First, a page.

Surprisingly, the sun was shining strongly as for almost middle of September. It was hot. I dreamed to cool off in the water. It looked like rather as spinach soup. The thick green suspension, the effect of eutrophication – the water bloom, was so disgusting to me that I didn’t dare to wet even my feet.

I continued floating on the south. I decided to stick to the western shore of the lake which let me take a few shots of boats moored near of Agroturystka Przystań Pilchowice.

It took me a long time to reach the end of the lake. The picturesque landscape distracted me from paddling. I stared at every meter of the lake fully concentrated. I was curious about methods of slopes protections. I watched the rocks surrounding the valley. I wanted to remember as many technical solutions as possible which ensure correct work of the reservoir and safe intake of over 50 million m3 of water.

The low water level stopped me from seeing the place where the Bóbr River gets to the lake. I gave up trying to slide through as soon as I started catching the bottom and rubbish with the board fin. Slalom between tires, concrete blocks and the worst of all scrap (not only construction remains) sticking above the water seemed dangerous and risky.

I turned to floating all the way back along the east bank. Spreading trees gave me desired shadow. I felt tired after more than three – hour stay on the water in full sun. Foot cramps became so annoying that I needed an immediate break. It was not so easy to find a place to rest in this part of the lake. The slopes were so steep that I could forget to go on the land. Finally I parked my board between the rocks. Keeping SHARK in place required using the “handbrake” – my paddle – so blocking a blade in the rock rift. Holding the handle made chillout in lying position difficult for me. Still, I was able to stretch my legs.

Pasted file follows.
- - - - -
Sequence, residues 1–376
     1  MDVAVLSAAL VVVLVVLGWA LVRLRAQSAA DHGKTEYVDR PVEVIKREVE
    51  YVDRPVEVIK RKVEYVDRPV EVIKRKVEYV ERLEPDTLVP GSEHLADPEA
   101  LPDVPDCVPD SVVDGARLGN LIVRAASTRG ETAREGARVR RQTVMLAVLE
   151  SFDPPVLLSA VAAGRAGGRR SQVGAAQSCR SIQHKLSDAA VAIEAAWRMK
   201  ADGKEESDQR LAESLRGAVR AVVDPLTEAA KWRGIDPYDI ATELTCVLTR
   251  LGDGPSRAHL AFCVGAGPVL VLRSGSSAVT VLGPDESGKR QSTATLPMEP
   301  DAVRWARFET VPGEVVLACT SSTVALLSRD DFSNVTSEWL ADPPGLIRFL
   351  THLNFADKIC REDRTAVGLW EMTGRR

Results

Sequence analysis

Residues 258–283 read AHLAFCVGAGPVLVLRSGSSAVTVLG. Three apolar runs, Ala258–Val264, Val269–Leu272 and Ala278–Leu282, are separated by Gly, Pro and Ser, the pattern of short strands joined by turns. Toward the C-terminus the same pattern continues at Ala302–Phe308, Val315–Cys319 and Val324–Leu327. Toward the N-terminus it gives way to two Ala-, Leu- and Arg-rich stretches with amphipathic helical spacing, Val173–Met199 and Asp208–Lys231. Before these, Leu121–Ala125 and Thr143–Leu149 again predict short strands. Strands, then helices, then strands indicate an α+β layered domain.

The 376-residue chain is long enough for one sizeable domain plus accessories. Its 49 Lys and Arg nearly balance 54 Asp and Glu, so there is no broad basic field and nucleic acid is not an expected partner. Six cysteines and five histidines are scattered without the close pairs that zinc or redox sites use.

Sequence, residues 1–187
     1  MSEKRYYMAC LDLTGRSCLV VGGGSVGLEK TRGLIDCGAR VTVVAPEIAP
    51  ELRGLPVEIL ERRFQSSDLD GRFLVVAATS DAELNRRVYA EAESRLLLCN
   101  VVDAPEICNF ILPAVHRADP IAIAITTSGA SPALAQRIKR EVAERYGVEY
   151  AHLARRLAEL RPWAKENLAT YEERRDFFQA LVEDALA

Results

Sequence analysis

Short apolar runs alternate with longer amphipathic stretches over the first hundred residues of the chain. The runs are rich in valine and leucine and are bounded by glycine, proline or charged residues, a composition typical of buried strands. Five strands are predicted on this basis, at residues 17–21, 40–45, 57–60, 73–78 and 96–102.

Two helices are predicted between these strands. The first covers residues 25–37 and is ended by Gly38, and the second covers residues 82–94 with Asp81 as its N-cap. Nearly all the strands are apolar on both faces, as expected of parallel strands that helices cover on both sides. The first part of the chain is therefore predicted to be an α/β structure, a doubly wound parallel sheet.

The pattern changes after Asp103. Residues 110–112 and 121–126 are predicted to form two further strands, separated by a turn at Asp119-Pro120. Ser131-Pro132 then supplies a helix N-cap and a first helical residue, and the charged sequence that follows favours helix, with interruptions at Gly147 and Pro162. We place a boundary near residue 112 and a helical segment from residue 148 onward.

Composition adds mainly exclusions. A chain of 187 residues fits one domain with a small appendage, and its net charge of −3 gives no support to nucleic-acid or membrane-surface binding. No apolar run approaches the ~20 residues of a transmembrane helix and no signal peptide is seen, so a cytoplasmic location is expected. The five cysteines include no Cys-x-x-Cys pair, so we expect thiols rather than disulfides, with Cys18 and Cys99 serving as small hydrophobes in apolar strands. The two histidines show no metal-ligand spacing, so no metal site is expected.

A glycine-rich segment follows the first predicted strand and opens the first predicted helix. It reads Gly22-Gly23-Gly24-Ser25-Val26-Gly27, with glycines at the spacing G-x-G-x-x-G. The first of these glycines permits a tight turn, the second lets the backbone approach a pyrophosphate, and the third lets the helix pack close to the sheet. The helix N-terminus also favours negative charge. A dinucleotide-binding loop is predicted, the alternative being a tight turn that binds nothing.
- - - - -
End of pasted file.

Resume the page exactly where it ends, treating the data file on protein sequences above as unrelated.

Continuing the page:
The cove in the eastern part of the lake was the last destination on my SUP trip. I wasn’t surprised by the presence of anglers located along the sandy beach due to the possibility of getting there by car.

The return to the marina was calm and slow. The need to look again at the objects changed by the afternoon sun was just an excuse which I used to delay the moment of return on the land. I felt myself inside the landscape, I was integrated in the surrounding. I didn’t want so much to leave this wonderful place. I felt unsatisfied although I circled the whole lake. I spent five hours on the water. I covered 12 km distance. I had still enough strength to float to the dam. I would love to sit on the board the rest of the day catching in the photos – like an impressionist on canvas – the play of light on the dam’s wall.

My excitement disappeared when I pulled the board on the floating platform. I climbed the stairs to the parking lot with tears in my eyes.
The last look at the Pilchowickie Lake from the observation deck of the marina gave me hope that it wasn’t the only visit in this amazing part of Poland.

Leave a Reply

This site uses Akismet to reduce spam. Learn how your comment data is processed.